It’s interesting how many have been nominated and haven’t won. Great post Cindy! I don’t rate my favorite directors by the awards that they have won, but it’s nice to see them get recognized every once in a while.
With 91 years under Oscar’s history, so many are nominated by don’t win. Many Indie films and foreign films are better than what Hollywood puts out. It’s fun to speculate, isn’t it?
Totally! I find myself speculating every year when the award shows come around.
I’m not sure I have a favourite current director. Like you I enjoyed a lot of the early Scorcese movies such as Mean Streets and Raging Bull but I haven’t seen any of his films in the theatre since Casino.
Whenever I’ve compiled a list of favourite movies I’ve found that Sam Peckinpah always features heavily, thanks to films such as Junior Bonner, The Wild Bunch and Major Dundee; and I also admire Monte Hellman (Two-Lane Blacktop, Ride With The Whirlwind) and Steve Kloves (The Fabulous Baker Boys, Flesh and Bone).
After recently watching Citizen Kane for the first time I’ve been trying to work my through the filmography of Orson Welles. I watched the restored version of Touch of Evil over the weekend and enjoyed it immensely.
I’ll look forward to your female directors article.
Hi Paul, thanks for your comments! I like your list a lot and it reminds me there’s many more directors to explore such as Hellman and Kloves. I need to see ‘Straw Dogs” and I confess, I haven’t gotten around to watching “The Wild Ones”.
Most people pay no attention to Directors, but a great Director can take a lousy script and a bunch of poor actors and make a good movie.
Good Directors have something worthy to say.
Zemeckis, Ford, Huston, Wyler, … there are quite a few great directors … surprisingly … since there are so many bad movies.
Yes, it’s say isn’t it? For every 10 movies released only three are worth watching. I agree with you, jcalbera! Let me play devil’s advocate and suggest it’s the script that makes the film. A great script allows actors to shine and the director to look good. So glad you came by!
Some great directors listed. Recently saw the film Hitchcock–I would like to learn more about him. He seems a little creepy, but that shouldn’t be all that surprising.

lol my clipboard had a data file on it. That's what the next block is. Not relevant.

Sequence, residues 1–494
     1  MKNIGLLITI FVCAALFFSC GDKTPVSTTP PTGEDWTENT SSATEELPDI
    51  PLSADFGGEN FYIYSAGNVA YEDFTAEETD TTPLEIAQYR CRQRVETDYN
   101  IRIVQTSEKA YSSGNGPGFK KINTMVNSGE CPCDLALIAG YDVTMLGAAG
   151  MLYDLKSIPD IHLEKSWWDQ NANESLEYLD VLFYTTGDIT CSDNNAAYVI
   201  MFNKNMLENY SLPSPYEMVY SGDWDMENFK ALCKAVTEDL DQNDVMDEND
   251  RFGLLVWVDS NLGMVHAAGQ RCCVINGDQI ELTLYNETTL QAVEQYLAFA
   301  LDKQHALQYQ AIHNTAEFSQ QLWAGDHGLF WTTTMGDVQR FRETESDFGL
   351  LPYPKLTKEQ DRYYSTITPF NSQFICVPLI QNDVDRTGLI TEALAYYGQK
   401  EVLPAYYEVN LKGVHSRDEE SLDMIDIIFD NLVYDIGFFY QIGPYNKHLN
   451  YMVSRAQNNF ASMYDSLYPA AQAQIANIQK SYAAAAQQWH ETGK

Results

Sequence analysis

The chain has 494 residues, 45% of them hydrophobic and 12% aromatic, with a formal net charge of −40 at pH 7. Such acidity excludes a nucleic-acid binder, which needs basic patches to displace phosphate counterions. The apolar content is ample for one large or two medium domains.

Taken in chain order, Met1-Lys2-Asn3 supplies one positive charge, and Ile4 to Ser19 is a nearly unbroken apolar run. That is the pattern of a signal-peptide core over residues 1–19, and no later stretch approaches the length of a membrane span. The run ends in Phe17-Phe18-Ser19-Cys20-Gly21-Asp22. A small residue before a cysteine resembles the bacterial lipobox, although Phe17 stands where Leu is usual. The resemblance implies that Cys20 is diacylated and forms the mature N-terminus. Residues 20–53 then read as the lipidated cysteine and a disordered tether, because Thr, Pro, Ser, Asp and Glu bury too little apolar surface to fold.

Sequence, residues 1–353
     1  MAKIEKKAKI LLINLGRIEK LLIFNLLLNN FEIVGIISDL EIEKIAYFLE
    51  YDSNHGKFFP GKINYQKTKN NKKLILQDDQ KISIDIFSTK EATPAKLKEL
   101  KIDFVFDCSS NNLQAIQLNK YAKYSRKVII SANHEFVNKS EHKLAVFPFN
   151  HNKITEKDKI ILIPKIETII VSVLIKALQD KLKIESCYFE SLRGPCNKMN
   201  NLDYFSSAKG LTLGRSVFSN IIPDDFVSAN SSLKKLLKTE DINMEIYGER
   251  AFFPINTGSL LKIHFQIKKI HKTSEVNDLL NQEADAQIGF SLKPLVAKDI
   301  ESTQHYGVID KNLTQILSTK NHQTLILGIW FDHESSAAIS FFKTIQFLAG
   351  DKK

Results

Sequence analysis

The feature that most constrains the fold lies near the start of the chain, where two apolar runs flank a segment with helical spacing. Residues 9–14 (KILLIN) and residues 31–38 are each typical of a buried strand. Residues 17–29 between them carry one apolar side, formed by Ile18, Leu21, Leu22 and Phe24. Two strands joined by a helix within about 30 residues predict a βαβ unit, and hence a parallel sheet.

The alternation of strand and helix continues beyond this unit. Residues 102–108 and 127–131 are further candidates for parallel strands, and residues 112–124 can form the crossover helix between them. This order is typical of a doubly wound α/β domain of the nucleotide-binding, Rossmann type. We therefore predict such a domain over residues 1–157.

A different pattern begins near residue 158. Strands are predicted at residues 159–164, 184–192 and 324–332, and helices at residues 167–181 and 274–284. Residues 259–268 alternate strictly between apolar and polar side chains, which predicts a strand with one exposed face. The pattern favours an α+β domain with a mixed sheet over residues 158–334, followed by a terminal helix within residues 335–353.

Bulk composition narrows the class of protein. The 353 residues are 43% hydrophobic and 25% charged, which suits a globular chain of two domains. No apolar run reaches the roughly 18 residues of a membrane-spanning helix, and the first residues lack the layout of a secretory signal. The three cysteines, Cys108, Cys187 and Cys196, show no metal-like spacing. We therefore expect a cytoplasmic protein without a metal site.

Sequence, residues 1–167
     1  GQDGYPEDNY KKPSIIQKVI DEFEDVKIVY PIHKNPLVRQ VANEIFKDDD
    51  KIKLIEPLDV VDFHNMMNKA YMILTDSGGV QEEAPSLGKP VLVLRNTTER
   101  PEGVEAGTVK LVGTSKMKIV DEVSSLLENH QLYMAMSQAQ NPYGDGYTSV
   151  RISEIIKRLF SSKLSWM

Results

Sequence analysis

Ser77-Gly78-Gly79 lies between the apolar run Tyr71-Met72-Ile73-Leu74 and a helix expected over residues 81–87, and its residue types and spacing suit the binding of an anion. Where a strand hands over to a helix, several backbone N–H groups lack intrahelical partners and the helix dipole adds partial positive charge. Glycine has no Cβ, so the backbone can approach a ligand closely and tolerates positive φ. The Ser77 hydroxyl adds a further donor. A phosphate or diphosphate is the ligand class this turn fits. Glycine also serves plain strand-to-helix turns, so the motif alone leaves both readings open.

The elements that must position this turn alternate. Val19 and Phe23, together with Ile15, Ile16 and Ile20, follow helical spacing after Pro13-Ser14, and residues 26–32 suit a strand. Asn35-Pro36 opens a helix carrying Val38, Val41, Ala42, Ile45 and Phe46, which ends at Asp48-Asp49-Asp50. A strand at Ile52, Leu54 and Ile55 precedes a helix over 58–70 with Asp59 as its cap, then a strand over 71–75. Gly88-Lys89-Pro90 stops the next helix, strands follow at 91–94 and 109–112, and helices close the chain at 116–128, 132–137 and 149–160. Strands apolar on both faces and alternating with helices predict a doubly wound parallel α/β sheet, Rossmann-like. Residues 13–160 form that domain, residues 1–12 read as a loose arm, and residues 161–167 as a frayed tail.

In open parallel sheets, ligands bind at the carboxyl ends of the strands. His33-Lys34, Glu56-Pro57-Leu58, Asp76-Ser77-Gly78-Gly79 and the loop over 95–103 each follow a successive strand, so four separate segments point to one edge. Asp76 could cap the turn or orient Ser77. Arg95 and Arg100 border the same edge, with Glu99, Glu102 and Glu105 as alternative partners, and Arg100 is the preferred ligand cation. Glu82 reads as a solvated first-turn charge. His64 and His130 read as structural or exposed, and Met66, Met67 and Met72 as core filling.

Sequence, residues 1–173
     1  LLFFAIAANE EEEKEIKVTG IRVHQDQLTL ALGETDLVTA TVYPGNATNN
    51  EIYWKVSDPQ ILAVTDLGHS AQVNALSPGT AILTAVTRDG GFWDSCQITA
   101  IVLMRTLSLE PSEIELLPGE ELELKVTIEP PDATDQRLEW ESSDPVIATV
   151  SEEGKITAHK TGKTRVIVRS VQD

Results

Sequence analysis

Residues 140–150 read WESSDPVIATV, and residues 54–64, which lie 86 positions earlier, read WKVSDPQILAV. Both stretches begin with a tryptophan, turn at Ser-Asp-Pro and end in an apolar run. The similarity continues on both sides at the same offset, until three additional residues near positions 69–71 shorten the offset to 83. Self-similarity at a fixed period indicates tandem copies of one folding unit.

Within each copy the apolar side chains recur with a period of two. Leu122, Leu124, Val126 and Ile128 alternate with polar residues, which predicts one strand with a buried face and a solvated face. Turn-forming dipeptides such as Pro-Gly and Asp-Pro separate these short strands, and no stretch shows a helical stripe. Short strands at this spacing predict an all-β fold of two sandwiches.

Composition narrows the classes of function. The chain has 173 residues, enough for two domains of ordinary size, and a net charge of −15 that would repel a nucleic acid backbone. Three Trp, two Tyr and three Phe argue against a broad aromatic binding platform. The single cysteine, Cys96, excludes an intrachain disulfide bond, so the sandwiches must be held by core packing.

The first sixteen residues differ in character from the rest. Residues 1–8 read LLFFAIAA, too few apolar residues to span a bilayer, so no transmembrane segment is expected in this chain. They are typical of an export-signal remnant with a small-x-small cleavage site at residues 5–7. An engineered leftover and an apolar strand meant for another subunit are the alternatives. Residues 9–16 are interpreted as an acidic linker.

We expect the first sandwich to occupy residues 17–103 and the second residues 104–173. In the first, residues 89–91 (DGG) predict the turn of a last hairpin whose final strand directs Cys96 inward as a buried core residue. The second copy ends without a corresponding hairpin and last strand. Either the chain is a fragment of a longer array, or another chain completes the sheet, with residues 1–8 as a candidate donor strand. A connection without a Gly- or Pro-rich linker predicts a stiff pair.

I liked the film–Helen Mirren always does such a great job in every role. Anthony Hopkins was perfect. Creepy, yes! I saw ‘Spellbound’ recently and was mesmerized.
I know you posted this sometime ago, but I have to list my favorites. 1. My favorite director is Carol Reed. His film “The Third Man” has no equal. 2. Billy Wilder, 3. Alfred Hitchcock, 4. Orson Wells (I know predictable, but his many inovations made many other films possible. 5. Steven Soderberg, 6. Fritz Lang, 7. Darren Aronofsky, 8. Rainer Werner Fassbinder, 9. Errol Morris, 10. Stanley Kubrick 11. Nicholas Roeg 12. Nicholas Ray 13. Elia Kazan 14. Woody Allen 15. John Huston 16. Roman Polanski, 17. Spike Lee, 18. Quentin Tarantino, 19. The Huges Brothers, 20. John, Singleton, 21. Martin Scorsese 22. Werner Hertzog 23. Pedro Aldovar 24. J. Lee Thompson 25. Lars von Trier, 26. Charlie Chaplin, 27. Buster Keaton 28. Curtis Hanson 29. Peter Weir 30. Oscar Devereaux Micheaux, 31. Ridley Scott 32. David Lynch 34. Neil Jorden and finally 35. Jonathan Demme. I know I’ll hate myself when I remember others
The Third Man is a fantastic film — great taste! What’s there not to like about your list? All fine directors. I really love Julie Taymor–I wish she’d do another film soon. Frida and Across the Universe were brilliant.
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I’m not familiar with Julie Taymor. Is Frida about the painter? I have seen it, and liked it.
Yes, Frida the painter. I loved the colors and the cinematography. You should try ‘Across the Universe’. Great depiction of the turbulent sixties and fusing The Beatles history and if you like their music, you will like the modern renditions.
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I look forward to seeing it